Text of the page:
This method lists your work history in order. It is widely used, easy to organize and easy to read. This will show a strong work history in an organized way. Usually the order of the list starts with your most recent work at the top and then works down the page with previous work.

Use this method to highlight dates you have worked and choreographers and companies you have worked with.

The Functional Method

If you have little work background, are young, started dancing late or don’t have a strong background of performance, the functional method will work best. This way you can highlight your skills and not your lack of experience.

Where you have danced is more important than the dates. For this reason, you can put the dates on the end of a line on the right side of the page or omit them entirely, by using the functional method.

The main difference between the functional method and the chronological one is that with the functional resume the work history section is not included. This can work well for young dancers who have just graduated. However, this method can be used by anyone. It all depends on what you are trying to achieve.

This method will give you complete control over how you present yourself. You can highlight relevant experience or skills at the top.

The disadvantage of using this method is that it can create suspicion about lack of information.

When using the functional method, it is effective to write in the third person.

The Best of Both Worlds

You can combine the two methods to create your desired result. You can highlight when and where you have worked without strict guidelines or the need to simply list your work history in order. This can be a great way to organize your resume.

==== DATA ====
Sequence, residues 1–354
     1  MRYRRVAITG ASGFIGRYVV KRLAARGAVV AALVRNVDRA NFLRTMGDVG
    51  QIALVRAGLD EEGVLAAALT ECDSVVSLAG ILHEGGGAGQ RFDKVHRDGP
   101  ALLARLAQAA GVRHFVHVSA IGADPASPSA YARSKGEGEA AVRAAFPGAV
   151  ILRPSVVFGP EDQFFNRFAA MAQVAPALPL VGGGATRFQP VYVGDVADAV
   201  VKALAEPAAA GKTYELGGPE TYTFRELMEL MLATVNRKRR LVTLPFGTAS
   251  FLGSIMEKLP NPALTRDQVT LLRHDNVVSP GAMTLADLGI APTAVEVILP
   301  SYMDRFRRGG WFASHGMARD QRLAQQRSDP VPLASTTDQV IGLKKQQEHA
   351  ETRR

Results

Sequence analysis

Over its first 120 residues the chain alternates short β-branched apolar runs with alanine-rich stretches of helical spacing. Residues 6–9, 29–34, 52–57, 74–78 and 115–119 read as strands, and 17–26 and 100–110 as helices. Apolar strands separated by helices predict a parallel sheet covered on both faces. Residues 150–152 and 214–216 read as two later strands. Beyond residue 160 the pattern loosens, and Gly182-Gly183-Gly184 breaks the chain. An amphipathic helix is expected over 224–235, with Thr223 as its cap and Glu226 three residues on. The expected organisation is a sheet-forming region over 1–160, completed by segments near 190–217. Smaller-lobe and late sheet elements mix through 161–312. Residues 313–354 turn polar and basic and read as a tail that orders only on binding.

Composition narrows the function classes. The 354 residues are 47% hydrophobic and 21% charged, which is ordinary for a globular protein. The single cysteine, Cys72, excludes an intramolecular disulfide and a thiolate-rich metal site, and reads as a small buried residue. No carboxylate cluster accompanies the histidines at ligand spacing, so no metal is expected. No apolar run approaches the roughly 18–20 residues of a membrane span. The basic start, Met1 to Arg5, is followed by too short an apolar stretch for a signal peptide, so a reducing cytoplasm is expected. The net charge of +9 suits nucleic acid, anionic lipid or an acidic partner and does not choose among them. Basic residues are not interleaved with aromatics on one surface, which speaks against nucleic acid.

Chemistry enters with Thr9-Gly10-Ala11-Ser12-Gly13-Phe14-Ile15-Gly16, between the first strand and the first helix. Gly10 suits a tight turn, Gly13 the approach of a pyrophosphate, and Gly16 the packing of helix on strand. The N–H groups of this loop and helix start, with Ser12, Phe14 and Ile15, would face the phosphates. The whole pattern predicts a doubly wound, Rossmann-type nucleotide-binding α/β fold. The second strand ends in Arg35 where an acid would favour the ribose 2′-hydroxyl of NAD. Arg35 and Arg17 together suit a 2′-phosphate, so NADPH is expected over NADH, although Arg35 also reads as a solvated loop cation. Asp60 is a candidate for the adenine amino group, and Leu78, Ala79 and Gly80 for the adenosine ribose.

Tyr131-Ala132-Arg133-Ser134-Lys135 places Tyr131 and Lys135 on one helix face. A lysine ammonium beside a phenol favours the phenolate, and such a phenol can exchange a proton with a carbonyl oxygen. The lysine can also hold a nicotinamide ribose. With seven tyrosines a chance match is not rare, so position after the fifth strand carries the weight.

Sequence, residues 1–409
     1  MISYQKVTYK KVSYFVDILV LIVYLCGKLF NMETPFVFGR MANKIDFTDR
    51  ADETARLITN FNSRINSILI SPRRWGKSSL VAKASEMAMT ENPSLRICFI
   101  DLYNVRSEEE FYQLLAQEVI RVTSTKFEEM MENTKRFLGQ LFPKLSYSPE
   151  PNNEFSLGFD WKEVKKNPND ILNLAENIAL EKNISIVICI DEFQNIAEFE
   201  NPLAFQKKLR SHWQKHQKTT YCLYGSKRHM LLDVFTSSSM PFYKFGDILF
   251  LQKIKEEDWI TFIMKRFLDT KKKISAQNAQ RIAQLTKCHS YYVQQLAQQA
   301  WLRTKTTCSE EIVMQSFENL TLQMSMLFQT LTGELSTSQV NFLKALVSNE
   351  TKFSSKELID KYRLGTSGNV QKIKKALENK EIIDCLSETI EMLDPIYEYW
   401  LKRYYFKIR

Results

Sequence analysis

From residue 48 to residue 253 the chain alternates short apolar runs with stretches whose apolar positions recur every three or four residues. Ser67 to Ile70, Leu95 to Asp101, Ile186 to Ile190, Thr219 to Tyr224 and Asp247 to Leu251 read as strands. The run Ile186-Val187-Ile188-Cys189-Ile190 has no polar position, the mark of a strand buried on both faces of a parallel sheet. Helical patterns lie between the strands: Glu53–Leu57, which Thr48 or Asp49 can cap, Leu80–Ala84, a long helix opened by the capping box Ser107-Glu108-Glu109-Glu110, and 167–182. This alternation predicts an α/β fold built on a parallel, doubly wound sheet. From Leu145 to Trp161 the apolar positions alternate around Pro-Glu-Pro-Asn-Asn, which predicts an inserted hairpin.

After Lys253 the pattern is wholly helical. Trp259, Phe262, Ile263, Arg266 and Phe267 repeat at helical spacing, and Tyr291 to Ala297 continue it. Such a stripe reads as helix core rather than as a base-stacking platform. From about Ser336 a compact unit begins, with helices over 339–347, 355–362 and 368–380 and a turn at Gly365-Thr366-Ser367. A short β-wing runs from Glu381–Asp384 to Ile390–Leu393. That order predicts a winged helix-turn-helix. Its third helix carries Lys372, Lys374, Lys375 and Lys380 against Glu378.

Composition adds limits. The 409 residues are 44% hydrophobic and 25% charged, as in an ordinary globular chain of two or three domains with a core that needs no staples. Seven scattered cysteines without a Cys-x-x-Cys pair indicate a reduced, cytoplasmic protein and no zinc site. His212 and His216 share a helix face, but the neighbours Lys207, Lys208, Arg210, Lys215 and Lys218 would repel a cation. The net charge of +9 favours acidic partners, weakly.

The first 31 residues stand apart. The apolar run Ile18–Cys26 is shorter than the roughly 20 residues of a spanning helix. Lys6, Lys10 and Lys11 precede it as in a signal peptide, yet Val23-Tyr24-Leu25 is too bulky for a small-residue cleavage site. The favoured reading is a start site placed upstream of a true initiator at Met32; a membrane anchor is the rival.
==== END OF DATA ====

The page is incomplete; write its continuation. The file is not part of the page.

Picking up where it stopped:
It will be helpful for your future resume writing and updating to keep a running chronological listing of your training and experiences. This is something you can draw from when you need to update a resume or write one that is very different from others you have done.

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The Ouled Nail Tribe: Belly Dancers of Algeria

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By Debra Gilbert

Belly dance, an exotic, sensual art of body movement has made its mark all over the world. From the growing trends in America today, this art has blossomed in the Middle East and surrounding areas reaching far across the waters and into our own backyards.

This kind of dance has been coined as a tool of seduction and often mistaken for means of prostitution. As many would like to suggest otherwise, tucked in the mountains of Algeria, this dance was precisely that: a way for women to make money by dancing and then selling their bodies for a living, a tradition long past the ages.

The Ouled Nail (pronounced “ooh-led nile”), a dance term in the realm of folklore, is a tribe living in the mountains in Algeria. From an early age, the women were taught about dance movements and sexuality. They traveled from village to village, primarily in the Sahara, and some of these destinations still quite notorious to this day.

After caravanning throughout the Sahara, they closed out the season by returning to their village until the next season arose. When the women have raised enough dowry funds from their travels, they retired back to the village to marry a suitable husband. The husband did not take shame in her former profession, though the married woman would never dance publicly again.